Ankle sprains sometimes heal slowly

By Tom Nordlie • Published: September 3rd, 2008
Category: Health in a Heartbeat

Sprained ankles. Everybody’s had them.

They’re one of the most common musculoskeletal injuries, striking twenty-three-thousand Americans each day.

Most of us ice them down, maybe tape them up and limp along for a week or two until things return to normal.

But not everyone walks away from this injury so quickly.

A review article published in The American Journal of Medicine revealed that some people suffer lingering effects for up to three years.

In the article, researchers examined thirty-one prior studies.

The data showed that one year after a sprained ankle, anywhere from five percent to thirty-three percent of patients were still experiencing pain. After three years, it was five to twenty-five percent.

Recurring sprains were a problem, too.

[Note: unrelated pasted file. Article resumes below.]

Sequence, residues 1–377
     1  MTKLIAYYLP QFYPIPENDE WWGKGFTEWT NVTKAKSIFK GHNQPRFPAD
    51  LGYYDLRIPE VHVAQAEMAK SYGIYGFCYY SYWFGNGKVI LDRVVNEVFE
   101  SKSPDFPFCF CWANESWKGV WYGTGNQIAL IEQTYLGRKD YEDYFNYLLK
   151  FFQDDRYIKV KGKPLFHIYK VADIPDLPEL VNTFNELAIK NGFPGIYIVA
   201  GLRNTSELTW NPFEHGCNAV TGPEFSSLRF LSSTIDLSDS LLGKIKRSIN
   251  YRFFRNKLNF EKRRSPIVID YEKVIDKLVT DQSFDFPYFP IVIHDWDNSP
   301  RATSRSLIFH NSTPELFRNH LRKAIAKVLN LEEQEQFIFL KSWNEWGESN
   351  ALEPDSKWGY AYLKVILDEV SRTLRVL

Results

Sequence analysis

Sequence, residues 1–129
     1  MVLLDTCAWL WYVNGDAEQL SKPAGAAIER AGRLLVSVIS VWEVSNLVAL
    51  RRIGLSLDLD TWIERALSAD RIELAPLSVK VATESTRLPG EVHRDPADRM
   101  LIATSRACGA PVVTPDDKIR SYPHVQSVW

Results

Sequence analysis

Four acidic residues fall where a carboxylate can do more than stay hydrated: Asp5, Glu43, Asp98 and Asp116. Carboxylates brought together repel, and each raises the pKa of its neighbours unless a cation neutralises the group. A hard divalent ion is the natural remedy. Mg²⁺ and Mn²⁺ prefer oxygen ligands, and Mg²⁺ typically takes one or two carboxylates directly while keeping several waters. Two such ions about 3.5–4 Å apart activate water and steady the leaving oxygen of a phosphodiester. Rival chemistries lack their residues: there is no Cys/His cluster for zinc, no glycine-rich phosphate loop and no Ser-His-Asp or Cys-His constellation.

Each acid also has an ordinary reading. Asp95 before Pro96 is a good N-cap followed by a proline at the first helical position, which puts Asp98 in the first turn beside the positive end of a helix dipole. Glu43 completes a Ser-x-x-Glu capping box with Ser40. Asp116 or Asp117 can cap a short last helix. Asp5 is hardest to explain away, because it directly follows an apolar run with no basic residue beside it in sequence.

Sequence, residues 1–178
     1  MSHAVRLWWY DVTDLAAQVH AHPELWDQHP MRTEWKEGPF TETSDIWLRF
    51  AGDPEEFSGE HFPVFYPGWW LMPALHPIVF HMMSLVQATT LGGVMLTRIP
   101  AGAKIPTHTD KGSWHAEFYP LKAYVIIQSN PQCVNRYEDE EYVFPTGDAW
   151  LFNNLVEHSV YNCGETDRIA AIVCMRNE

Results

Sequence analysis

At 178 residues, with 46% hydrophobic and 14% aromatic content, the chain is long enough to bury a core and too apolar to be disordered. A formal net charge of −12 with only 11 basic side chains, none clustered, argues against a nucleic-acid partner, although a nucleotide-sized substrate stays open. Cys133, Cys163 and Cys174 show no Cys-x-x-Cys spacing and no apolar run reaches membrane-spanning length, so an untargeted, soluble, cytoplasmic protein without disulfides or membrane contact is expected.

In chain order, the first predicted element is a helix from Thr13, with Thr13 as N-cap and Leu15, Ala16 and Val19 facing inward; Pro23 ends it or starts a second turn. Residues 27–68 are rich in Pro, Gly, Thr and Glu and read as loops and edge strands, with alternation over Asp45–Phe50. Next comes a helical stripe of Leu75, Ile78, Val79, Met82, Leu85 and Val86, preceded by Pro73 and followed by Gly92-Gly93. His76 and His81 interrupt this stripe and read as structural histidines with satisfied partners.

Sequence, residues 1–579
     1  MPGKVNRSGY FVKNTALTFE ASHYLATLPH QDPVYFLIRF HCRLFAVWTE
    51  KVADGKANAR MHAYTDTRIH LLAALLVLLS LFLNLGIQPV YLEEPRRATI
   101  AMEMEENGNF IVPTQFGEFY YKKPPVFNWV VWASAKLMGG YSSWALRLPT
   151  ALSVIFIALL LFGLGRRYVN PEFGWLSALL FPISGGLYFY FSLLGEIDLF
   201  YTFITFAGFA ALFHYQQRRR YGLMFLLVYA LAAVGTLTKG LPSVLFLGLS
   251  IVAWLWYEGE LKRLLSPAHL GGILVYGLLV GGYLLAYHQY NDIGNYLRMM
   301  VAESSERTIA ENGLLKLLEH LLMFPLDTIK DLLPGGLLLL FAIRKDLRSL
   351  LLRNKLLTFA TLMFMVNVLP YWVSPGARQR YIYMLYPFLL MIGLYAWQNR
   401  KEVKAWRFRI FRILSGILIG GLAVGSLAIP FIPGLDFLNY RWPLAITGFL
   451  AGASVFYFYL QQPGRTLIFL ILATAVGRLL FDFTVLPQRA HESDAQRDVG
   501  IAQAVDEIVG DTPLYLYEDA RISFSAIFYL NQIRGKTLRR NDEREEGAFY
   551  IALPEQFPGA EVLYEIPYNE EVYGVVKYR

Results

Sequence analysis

They struck between three and thirty-four percent of patients, depending on how long the follow-up lasted.

The researchers wondered if there are factors that make sprains less likely to heal.

They found there wasn’t much data available.

One study showed people who engaged in serious sports training at least three times per week were more likely to have incomplete recovery.

The researchers also looked for a connection between the severity of the initial sprain and lingering problems. They didn’t find one.

So, it’s uncertain who’ll be limping longer than average.

Their best advice… if you get a sprain, see your doctor and follow her recommendations.

It should reduce the odds you’ll end up in a marathon race against pain… and have to avoid running any other marathons.